As newly elected members of Congress took the oath of office Thursday, many of the representatives and staffers they replaced were across town preparing to swear allegiance to brand new masters: the lobbying shops and trade associations that eagerly gobble up congressional alumni and pay them exorbitant amounts to influence their former colleagues.
Take Mark Epley, who was general counsel to former House Speaker Paul Ryan. Before Ryan even left office, Epley agreed to join the Managed Funds Association, an über-powerful trade group that represents several major hedge funds. Epley will start as executive vice president, managing director, and general counsel next month. David Eiselberg will soon settle in as senior director of tax policy for the National Association of Manufacturers, directly after serving as chief of staff for now-former Representative Sam Johnson, a retiring Republican of Texas and high-ranking member of the House Ways & Means Committee that crafted 2017’s massive tax-cut package.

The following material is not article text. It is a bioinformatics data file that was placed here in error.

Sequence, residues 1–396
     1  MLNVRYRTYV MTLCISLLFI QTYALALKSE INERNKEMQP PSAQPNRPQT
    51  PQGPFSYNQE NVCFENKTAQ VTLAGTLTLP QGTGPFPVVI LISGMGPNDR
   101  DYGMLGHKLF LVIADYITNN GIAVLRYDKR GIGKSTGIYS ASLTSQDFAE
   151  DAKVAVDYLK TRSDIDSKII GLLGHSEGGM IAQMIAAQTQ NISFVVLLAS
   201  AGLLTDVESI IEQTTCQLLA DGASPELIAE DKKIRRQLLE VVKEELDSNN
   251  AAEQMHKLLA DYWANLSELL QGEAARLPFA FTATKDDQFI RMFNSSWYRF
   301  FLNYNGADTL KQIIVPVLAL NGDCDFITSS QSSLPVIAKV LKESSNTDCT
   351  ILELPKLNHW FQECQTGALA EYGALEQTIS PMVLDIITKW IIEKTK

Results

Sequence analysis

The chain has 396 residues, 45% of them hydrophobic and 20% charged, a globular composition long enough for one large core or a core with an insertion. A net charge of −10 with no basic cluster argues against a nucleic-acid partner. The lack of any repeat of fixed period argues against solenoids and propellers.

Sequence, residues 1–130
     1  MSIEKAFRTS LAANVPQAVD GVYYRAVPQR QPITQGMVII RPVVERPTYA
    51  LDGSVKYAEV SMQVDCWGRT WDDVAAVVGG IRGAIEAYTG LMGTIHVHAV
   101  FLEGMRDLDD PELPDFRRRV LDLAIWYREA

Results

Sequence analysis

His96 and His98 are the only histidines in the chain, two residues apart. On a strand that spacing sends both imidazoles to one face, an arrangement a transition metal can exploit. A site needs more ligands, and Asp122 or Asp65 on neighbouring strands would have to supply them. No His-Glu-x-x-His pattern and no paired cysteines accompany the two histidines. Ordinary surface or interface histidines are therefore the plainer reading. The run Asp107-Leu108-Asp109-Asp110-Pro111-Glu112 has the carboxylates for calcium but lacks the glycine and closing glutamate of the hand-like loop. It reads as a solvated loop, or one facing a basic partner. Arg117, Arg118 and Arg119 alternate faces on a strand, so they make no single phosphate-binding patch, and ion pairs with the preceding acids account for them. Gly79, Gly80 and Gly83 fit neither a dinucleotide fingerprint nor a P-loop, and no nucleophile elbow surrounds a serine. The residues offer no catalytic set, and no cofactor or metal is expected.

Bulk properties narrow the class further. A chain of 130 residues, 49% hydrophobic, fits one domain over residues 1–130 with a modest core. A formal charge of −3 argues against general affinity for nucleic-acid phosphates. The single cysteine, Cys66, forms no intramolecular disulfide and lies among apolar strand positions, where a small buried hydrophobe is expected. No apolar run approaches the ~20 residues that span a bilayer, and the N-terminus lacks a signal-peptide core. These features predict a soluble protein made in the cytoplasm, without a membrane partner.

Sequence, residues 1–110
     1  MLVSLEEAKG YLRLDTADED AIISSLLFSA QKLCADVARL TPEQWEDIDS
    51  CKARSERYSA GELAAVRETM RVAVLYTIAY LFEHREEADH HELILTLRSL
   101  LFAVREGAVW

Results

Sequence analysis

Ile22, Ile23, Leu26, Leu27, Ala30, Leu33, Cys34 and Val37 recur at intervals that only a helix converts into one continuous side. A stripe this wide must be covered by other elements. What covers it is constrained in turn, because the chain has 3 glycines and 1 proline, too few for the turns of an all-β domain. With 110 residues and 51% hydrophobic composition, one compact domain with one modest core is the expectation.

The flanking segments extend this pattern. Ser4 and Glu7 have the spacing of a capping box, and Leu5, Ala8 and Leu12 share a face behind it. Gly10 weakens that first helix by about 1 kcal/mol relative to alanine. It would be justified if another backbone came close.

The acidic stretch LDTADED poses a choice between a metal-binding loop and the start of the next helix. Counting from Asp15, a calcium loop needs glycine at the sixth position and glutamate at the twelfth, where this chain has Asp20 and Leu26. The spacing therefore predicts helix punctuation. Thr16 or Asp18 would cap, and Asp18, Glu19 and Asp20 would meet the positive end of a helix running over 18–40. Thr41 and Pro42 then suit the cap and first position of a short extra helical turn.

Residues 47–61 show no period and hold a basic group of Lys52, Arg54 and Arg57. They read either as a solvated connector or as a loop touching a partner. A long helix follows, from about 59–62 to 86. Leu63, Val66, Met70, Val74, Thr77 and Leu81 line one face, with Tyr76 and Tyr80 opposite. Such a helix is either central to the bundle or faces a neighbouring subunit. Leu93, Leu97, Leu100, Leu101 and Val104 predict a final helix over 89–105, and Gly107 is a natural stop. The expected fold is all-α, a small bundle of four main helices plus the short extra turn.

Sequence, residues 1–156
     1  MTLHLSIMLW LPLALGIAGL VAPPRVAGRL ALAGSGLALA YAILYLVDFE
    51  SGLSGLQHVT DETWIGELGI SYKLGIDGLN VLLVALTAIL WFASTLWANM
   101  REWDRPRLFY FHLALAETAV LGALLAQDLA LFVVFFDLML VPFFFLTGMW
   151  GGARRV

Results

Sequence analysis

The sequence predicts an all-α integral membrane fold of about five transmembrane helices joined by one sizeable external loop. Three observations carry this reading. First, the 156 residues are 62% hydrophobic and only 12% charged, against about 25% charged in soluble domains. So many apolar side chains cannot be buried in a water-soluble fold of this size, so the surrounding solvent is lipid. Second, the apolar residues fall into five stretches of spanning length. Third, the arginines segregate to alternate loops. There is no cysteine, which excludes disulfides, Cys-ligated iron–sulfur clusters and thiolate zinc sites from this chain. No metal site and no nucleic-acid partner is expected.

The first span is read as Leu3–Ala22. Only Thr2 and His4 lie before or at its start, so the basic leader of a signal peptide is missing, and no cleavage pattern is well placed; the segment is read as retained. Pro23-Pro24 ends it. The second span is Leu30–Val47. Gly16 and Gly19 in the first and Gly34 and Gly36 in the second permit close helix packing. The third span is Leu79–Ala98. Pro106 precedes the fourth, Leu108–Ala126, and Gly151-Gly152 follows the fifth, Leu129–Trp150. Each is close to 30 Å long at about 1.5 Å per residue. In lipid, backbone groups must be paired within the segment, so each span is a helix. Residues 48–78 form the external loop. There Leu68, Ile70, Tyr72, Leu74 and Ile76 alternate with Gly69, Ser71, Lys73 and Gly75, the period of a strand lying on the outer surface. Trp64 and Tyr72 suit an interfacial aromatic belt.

Elected members who left office yesterday are no doubt going to end up on K Street soon, too. “In the 22 years that I’ve done this, this is the most competitive landscape I’ve seen” for former members of Congress, one headhunter for lobbying firms told Politico last week. The Hill and Politico have reported that, among others, former Representatives Pete Sessions (who served as head of the House Rules Committee), Representative Bill Shuster (recent head of the House Transportation Committee), and Representative Joe Crowley, who lost a primary to Representative Alexandria Ocasio-Cortez and served as chair of the House Democratic Caucus, are all “considering K Street gigs.” (For a former member of Congress, telling a reporter you are “considering” a lobbying job is the equivalent of taking out a want ad, and it’s cheaper.)